In our text, from Revelation 14, the blessed apostle and evangelist St. John records what he saw in his vision of heaven, as the Lord revealed it to him.  He saw the Lamb of God Jesus standing atop Mount Zion. The saints were there with Him, learning and singing a new song, one which, by God’s grace, we’ll also get to sing there.  An angel flew overhead with the eternal Gospel, the Good News that transcends all times and places, the Gospel proclaimed to every nation, tribe, tongue, and people.  The angel had a message: “Fear God and give Him glory, because the hour of his judgment has come, and worship Him who made heaven and earth, the sea and the springs of water” (v. 7).  Fear God and worship Him.  This is the life of the Christian.  This is the life of faith.  This is the life lived through the Liturgy of the Church.  This is the life lived in response to God, His Means of Grace, and His gifts.  God acts, and faith responds.  The words of the angel in our text we can only carry out in response—in faith toward God and in fervent love toward one another.  You see, it is only by faith that we can do works that are truly good in the sight of God, and it is only by faith that we are able to worship God.  What the Church has wrestled with for the 497 years since the Reformation is how this worship takes place.  The Lutheran Confessions, to which we subscribe, tell us clearly, as we believe, teach, and confess: So the worship and divine service of the Gospel is to receive gifts from God.  On the contrary, we can offer nothing to God unless we have first been reconciled and born again.  …the chief worship of the Gospel is to desire to receive the forgiveness of sins, grace and righteousness.  Christ says of this worship, “For this is the will of My Father, that everyone who looks on the Son and believes in Him should have eternal life, and I will raise him up on the last day” (John 6:40).  And the Father says, “This is My beloved Son, with whom I am well pleased; listen to Him” (Matthew 17:5). [Ap IV, 310]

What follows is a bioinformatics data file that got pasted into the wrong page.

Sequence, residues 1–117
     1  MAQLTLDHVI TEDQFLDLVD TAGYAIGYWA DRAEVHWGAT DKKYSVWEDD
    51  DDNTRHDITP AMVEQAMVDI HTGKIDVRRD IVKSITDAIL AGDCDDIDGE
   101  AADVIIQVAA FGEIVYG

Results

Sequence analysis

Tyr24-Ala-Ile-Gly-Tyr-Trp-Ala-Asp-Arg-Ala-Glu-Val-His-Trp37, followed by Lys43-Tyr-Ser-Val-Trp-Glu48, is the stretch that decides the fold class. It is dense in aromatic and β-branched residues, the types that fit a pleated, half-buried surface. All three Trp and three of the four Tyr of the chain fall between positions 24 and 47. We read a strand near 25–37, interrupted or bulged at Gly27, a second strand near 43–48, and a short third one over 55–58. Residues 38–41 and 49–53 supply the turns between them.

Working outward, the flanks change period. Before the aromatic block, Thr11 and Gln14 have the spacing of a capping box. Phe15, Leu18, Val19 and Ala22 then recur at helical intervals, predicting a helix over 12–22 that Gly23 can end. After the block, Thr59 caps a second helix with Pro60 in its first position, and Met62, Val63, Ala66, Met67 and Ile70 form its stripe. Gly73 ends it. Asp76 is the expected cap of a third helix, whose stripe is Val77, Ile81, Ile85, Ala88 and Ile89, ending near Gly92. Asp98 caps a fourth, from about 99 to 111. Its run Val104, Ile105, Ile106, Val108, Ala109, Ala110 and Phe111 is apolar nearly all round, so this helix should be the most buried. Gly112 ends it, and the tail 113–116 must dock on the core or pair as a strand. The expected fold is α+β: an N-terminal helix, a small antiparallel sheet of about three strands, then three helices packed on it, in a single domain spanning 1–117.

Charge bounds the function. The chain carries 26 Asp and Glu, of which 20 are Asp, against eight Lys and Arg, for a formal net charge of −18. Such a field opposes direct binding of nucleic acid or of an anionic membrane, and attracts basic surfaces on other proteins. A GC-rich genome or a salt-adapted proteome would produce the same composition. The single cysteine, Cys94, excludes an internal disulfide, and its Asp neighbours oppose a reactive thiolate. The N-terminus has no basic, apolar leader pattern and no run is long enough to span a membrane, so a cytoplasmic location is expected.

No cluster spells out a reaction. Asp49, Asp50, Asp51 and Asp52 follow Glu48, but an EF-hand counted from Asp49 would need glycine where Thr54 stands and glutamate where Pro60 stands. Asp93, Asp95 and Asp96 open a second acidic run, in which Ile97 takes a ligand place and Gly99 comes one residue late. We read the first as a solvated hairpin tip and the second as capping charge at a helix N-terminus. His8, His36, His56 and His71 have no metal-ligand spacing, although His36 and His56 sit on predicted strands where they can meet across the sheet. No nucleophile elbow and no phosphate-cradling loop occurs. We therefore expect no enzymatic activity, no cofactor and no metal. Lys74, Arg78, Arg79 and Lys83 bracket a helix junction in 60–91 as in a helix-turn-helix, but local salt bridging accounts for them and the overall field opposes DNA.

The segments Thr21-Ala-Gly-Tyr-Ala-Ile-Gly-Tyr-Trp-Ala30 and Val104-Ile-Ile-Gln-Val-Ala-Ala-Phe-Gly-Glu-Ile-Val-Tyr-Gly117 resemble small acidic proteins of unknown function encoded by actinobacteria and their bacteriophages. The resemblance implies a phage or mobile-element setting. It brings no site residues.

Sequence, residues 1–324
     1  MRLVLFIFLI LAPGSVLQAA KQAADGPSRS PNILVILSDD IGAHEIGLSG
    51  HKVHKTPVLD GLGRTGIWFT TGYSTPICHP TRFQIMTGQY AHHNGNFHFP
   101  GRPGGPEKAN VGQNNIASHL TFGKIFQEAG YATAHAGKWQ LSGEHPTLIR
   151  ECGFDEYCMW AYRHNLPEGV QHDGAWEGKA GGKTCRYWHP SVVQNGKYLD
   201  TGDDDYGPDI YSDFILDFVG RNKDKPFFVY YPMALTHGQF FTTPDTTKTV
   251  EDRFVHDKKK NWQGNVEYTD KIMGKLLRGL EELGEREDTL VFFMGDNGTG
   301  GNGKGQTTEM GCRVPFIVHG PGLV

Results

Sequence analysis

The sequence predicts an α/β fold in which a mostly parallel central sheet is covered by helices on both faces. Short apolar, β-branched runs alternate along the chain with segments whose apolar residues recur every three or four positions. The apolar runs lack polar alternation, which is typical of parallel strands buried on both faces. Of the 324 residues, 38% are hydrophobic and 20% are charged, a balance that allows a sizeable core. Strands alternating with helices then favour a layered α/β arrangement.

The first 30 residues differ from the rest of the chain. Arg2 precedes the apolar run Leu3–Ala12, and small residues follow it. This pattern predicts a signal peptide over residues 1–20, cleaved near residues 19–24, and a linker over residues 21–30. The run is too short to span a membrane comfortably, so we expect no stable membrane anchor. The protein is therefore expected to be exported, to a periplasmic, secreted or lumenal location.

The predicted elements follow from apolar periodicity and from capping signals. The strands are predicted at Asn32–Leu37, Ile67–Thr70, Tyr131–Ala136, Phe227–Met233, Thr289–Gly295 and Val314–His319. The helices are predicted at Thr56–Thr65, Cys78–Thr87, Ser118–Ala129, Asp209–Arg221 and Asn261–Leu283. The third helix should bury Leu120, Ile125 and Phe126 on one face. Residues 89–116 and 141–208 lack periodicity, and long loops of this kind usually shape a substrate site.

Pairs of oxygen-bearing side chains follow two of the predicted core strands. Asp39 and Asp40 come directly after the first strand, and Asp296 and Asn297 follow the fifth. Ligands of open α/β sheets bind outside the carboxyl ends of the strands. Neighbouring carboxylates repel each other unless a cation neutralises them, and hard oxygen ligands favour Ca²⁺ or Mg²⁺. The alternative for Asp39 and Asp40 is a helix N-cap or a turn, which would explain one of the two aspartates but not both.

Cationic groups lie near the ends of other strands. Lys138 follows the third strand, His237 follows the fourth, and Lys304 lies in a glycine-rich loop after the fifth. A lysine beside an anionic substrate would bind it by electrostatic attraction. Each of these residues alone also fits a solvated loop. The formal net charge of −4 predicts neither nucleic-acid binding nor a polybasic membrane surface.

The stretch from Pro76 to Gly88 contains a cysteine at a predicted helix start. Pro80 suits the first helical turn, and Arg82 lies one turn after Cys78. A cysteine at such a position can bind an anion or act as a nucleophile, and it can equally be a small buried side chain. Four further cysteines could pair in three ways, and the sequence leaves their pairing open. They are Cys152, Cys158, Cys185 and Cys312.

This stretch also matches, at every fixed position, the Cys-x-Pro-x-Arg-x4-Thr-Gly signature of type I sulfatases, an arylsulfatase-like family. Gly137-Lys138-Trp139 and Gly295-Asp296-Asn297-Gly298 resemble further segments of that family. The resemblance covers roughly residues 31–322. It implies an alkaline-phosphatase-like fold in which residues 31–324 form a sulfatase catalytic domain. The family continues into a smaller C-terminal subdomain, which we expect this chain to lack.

Faith craves the gifts Christ freely gives.  There is nothing we can do to earn our salvation.  Why is this so hard for us to understand?  Why is this so hard for us to accept?  Why is this so hard for us to believe?  Why do we insist on “worshiping” God on our terms and not His?  It’s because we are people of the Law, knowing nothing about the Gospel.  It’s because we don’t look at Jesus through the lens of the Gospel but of the Law.  Take a look at the statue of Jesus that adorns the altar.  What do you see?  What are you thinking as you see?  If you first think of obeying and serving Jesus, you are thinking in the ways of the Law.  If you first think of what a wonderful Savior we have, you are thinking in the ways of the Gospel.  But our hearts and minds are not set on the Gospel but on the Law on account of our sinfulness.  We cannot serve God on our own.  We cannot obey God on our own.